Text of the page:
I walked into BC Place Stadium last night with a curious sense of optimism and excitement. For one thing, there are almost no paths to disappointment when you enter the second leg of a series against one of the best teams in North America down 2-0. For another, I’m not cut out for big games. Even routine Cascadian derbies turn me into a bit of a wreck. I was basically useless at being a human for 48 hours before the Canucks’ 2011 game seven. And finally, these are sensations that six plus years of Whitecaps FC fandom has mostly beaten out of me. Like most Whitecaps fans, I can’t help but imagine what fresh hell the team will concoct in their never ending quest to find creative new ways to lose cup competitions. So… I was puzzled at my optimism. Then Brek Shea engineered the dream start with a goal in the third minute, and suddenly, against my better judgement, I thought perhaps the optimism was warranted.
I’m not going to be very critical in this post, mostly because I don’t have much to be critical of. The fans were outstanding. The Southside was behind the club the whole game, even, somewhat uncharacteristically, after hope was gone. Curva’s “Never Tell Me The Odds” tifo was amazing. The rest of the crowd seemed into it, too, getting on the ref who certainly deserved it at times. Kudos also to the front office, who left plenty of overflow room in the away section so Tigres fans who bought elsewhere in the stadium could relocate.
The only surprise for me in Carl Robinson’s starting eleven was Andrew Jacobson. I thought for sure after the way the LA game turned when Tony Tchani entered that he would get the start. Jacobson impressed, though. He passed for a respectable 16/19 while covering for Matias Laba, who was everywhere on the pitch. Laba gave the ball away more, but had three times the touches. By my count he was 45/58 for 78% passing on the night.
When the paths to success are as few as they were on Wednesday night, teams often follow the recipe Vancouver followed. Kick the door down right at kickoff and try to grab an early goal, then try not to fuck up for as long as possible while trying to catch your opponent in an error. Sure enough, the echoes of Boundary Road had barely died away when Brek Shea took a sweet touch in front of Tigres’ net and slotted home to ignite the crowd. Then, for an hour, Vancouver kept the flicker of hope alive. They conceded some good scoring opportunities, which Tigres squandered, but had some good spells of possession.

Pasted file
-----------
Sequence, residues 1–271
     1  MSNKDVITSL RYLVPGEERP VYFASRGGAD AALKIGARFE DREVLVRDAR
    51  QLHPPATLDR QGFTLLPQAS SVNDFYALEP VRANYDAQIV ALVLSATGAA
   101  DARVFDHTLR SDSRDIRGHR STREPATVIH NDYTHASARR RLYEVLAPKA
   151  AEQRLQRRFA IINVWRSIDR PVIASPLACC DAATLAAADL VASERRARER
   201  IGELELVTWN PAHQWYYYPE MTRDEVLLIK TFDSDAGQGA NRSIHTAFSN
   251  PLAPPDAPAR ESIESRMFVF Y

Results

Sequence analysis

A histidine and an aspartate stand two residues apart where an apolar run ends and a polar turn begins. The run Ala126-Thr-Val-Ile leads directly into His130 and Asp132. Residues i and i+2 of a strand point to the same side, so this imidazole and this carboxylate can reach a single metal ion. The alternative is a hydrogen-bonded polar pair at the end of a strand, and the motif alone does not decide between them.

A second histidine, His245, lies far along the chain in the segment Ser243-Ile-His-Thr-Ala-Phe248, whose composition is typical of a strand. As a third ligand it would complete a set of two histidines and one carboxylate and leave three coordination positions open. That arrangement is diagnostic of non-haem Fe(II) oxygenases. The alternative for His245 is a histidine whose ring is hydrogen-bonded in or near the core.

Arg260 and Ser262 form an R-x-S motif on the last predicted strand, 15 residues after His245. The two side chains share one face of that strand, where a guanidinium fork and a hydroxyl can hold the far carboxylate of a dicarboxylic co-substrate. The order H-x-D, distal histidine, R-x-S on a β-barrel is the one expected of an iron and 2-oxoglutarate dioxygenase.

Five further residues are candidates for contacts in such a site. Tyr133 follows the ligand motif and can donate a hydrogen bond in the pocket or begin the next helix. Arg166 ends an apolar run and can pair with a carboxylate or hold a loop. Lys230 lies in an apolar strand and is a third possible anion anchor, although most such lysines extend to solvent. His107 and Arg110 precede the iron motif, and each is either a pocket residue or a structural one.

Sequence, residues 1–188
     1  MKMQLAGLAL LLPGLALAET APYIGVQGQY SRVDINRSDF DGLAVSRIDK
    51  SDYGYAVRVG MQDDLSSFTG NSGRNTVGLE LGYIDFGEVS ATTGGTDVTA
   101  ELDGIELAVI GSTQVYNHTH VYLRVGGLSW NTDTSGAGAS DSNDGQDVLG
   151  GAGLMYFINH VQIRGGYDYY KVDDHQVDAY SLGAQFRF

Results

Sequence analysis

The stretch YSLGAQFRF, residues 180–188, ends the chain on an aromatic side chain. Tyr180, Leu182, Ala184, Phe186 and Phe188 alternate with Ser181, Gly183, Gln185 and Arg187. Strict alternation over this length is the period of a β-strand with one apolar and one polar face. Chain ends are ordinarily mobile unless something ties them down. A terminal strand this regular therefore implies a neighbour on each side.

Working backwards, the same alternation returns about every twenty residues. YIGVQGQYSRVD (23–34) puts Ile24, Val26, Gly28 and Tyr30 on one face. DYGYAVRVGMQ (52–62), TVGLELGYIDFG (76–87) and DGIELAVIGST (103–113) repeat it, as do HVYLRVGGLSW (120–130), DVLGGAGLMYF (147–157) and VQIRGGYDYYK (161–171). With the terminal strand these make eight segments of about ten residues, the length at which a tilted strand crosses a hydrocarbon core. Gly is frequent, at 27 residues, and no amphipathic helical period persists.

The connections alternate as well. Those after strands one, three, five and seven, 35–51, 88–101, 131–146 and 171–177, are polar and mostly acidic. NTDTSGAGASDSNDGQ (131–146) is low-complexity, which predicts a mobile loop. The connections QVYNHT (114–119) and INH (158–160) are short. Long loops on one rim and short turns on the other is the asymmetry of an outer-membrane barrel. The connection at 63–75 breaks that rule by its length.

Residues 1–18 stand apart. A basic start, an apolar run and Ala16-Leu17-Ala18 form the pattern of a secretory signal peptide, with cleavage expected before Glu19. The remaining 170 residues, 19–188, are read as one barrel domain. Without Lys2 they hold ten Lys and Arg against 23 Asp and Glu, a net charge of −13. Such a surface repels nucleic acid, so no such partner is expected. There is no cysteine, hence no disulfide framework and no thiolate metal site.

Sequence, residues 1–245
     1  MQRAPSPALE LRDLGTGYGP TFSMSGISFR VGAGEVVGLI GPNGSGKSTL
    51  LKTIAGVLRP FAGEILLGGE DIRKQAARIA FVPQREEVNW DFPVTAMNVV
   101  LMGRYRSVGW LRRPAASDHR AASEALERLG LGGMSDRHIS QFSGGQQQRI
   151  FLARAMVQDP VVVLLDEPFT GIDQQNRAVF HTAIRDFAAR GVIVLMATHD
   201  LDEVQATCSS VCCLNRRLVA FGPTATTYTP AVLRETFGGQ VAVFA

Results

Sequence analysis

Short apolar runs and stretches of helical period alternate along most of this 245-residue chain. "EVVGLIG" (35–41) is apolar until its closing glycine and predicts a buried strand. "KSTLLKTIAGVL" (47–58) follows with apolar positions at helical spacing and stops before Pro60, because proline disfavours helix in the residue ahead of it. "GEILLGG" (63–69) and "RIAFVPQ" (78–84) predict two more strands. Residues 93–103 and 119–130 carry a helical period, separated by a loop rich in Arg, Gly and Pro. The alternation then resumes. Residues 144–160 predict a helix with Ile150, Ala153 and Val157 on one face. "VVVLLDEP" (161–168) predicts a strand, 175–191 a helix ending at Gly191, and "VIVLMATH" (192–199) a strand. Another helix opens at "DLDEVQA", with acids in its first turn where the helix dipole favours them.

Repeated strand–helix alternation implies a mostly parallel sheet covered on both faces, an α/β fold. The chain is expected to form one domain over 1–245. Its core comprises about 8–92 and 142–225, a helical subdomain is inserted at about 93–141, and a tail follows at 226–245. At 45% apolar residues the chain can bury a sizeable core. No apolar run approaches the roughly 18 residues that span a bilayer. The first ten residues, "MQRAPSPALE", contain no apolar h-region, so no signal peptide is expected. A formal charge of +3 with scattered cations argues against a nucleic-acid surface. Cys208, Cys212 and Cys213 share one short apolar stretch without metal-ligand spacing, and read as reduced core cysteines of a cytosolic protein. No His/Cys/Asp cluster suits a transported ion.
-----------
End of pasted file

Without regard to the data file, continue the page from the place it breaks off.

In the end, it was a moment of brilliance by a player whose calibre we just don’t see much in MLS that ended the Caps’ hope for a miracle. André-Pierre Gignac, the French international and former Ligue 1 scoring champion, took a touch at the top of the box after being left too much room and curled the perfect shot into the far corner in the sixty-third minute. The second goal by Damián Álvarez didn’t change much.
One of my biggest laughs of the night came well after the game, when I saw this quote by Tigres’ Guido Pizarro, translated from the Spanish: “The result was already decided. It was very, basically easy for us.” Pizarro had a phenomenal game in the midfield, but I will go ahead and call bullshit on his bluster. There was some genuine relief from Tigres when Gignac equalized, to the point that Jorge Torres was down on his knees saying a prayer at midfield.
I don’t know what else I can say about this game. Vancouver was outclassed at nearly every position. Only David Ousted looked like he might be able to hang in that company. Christian Bolaños looked like he might have been able to hang in that company five years ago. Alphonso Davies looked like might be able to hang in that company five years from now. If Shea hadn’t been injured shortly after his goal, if Davies had been allowed to come on and run at tired legs instead of being forced into the game early, maybe they do knick that second goal and force extra time, but it would have been a miracle, and what mattered on Wednesday is that nobody’s effort was found lacking.